Resilience

I had a wonderful exchange with Joe, a colleague and client of mine. The topic of resilience came up and he defined it as the “ability to stay productive under stress.” I loved the definition.

I, of course, consider resilience to be an entirely emotional competency that ends up being manifested in behaviors, not so much the other way around. Stress is an emotional state, I think we all agree on that. In this emotional state of stress our bodies and behavior change because of that emotional state. Cognitively, we think faster and often do not evaluate all the data points or have access to previous data points that might impact our reaction. Our bodies in this emotional state of stress also change – pupils get dilated, heart rate goes up, we sweat, we become agitated, etc. Our reactions, our behavioral responses also change – they are faster, instinctive, and often can be loud, aggressive, defensive, or passive-aggressive based on whatever our dominant style of behavior is.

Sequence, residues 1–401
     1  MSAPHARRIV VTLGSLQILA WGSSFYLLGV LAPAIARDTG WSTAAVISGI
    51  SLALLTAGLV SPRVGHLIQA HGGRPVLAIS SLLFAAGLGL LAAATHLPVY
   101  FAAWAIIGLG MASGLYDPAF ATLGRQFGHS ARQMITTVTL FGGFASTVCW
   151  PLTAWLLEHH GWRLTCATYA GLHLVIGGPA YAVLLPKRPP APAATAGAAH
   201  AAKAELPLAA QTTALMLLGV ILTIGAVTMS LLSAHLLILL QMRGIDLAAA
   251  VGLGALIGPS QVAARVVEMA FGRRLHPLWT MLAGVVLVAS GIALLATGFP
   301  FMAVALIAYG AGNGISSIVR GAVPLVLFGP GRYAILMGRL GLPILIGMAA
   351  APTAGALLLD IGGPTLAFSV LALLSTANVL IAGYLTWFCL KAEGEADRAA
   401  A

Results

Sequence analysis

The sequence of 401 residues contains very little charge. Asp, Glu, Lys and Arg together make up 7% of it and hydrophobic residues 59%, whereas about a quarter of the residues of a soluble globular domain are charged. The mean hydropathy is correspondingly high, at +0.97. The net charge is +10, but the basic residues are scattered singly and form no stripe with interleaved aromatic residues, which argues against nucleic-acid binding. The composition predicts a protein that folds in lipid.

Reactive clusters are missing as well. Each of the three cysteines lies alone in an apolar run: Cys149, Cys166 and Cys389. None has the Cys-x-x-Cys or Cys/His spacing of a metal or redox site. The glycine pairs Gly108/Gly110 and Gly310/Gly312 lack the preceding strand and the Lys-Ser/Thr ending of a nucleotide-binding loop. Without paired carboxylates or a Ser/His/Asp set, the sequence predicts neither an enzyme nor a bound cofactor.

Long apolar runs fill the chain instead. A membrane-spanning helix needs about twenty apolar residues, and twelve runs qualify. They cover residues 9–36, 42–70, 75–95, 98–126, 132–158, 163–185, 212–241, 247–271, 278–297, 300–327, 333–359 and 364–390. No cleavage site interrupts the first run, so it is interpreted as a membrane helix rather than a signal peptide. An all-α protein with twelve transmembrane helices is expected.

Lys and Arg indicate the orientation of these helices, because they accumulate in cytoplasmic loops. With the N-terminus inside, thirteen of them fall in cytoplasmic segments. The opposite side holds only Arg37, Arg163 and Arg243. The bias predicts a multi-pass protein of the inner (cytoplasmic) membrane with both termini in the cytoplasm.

So I hope the distinction between emotions, cognition, and behavior are clear in the context of stress.

What percentage of time during a work day or week do you think you are under some form of stress? When we think of stress, we often think of worst-case scenarios, yet the truth is that most working adults are in some form of constant stress almost all the time.  This means that your resilience, as defined by Joe, is a competency that theoretically comes into play all the time too.

So, since resilience is an emotional competency, and your emotional competency (EQ) can be increased, then what are you doing to increase your EQ? Why is EQ not a part of your development? There is a ton of literature and other learning opportunities in EQ. This week, ask yourself how resilient you are and what you are doing to make yourself more resilient.

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2 responses to “Resilience

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